Japanese Calligraphy (書道), or Shodō (way of writing), is a writing art form that dates back to the 6th century. A craft requiring skill and patience, artists use a brush dipped with ink to express ancient forms of communication with Kanji symbols and characters.
The art form first originated in China. At the time, Japan did not have a written expression of language. Japanese people began to adopt a style through Chinese characters and symbols, thus introducing Japanese calligraphy.
How fun would it be to pick the brain of a Japanese calligraphy artist?
We spoke to Rie Takeda, a UK/Germany-based calligrapher who gave us her story of learning this ancient craft, along with her unique teaching methods, and why Japanese calligraphy is important to Japan.
Firstly, do you remember the moment when you first fell in love with Japanese Calligraphy?
I don’t remember precisely the moment.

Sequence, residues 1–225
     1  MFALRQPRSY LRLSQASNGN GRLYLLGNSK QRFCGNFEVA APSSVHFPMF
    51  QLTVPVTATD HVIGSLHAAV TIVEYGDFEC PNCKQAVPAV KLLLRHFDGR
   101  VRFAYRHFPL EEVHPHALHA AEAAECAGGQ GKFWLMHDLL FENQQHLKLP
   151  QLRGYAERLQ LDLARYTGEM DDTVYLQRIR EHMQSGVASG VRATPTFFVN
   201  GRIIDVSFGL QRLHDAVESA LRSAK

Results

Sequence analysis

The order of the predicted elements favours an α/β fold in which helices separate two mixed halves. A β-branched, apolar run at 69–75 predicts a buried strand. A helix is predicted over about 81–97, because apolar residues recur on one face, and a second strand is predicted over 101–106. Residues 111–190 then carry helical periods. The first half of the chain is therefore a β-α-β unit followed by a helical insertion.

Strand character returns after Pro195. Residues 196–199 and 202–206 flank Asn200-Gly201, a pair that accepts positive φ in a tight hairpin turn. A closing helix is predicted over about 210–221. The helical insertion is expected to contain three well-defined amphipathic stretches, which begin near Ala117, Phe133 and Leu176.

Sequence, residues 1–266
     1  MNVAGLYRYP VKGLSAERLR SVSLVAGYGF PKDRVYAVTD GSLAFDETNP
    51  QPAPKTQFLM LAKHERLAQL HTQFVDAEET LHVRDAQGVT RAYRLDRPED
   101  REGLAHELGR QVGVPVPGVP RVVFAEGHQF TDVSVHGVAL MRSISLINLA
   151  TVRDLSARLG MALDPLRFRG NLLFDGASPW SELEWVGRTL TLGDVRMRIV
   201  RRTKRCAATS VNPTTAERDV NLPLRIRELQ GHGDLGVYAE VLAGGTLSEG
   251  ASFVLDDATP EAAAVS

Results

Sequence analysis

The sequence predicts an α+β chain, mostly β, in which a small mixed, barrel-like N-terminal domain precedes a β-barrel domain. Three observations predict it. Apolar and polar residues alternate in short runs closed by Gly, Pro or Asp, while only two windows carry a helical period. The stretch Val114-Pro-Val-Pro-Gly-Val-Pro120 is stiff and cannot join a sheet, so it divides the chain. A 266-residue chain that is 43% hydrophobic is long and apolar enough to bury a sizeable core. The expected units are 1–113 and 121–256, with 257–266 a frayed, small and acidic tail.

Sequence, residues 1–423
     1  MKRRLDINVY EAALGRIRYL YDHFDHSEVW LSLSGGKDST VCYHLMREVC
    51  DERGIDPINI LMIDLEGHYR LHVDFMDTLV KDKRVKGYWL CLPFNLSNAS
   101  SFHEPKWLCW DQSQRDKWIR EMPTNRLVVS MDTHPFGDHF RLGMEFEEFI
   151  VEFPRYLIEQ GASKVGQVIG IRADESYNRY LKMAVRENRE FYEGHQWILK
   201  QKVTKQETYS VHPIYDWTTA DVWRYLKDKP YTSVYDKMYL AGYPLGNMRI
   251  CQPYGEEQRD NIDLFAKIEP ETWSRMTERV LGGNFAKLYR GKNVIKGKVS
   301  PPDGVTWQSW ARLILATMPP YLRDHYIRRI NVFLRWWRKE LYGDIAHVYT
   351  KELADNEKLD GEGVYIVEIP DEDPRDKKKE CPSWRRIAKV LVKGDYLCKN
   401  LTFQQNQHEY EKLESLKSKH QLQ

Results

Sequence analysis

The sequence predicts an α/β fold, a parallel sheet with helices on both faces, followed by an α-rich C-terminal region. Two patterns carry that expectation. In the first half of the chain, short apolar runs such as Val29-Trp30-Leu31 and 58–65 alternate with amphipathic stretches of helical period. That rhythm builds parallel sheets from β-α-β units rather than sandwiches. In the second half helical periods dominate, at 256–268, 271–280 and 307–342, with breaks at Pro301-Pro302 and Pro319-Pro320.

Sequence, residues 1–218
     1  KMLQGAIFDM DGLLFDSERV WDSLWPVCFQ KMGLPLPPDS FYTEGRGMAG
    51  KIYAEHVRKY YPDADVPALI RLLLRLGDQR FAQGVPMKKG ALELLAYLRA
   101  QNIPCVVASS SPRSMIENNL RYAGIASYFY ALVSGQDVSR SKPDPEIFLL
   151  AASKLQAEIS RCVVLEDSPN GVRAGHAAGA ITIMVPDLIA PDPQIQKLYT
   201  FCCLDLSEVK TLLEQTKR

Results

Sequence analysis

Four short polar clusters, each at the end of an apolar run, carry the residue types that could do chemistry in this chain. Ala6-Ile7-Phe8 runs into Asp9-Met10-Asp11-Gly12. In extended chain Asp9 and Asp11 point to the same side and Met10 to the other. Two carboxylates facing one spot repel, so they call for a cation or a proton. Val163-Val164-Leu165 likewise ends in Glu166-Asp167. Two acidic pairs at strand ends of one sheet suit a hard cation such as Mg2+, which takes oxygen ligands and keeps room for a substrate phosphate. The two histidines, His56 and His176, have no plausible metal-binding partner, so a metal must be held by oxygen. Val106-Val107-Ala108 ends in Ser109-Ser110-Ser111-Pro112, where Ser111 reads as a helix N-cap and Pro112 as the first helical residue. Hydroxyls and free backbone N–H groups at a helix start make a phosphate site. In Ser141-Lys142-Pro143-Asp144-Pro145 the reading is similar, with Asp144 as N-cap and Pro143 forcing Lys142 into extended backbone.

However, I remember I enjoyed rubbing the Sumi stick, and the scent of the Sumi — the whole process of doing calligraphy made me calmer and peaceful. That’s why I continued practicing this art form — that led me to what I am and where I am today.
A short version of ‘Visual Calligraphy’
After mastering the craft of Shodō, you developed a teaching method you call mindfulness method; Can you explain why this resonates so well with your students?
After trying out various ways and experimenting practices, I created this method.
I think it could be how I focus on guiding students to become aware of their inner energy and showing the technique that enables them to make the energy flow instantly visible on the paper. Through the process, they can stay in the present moment during the practice and…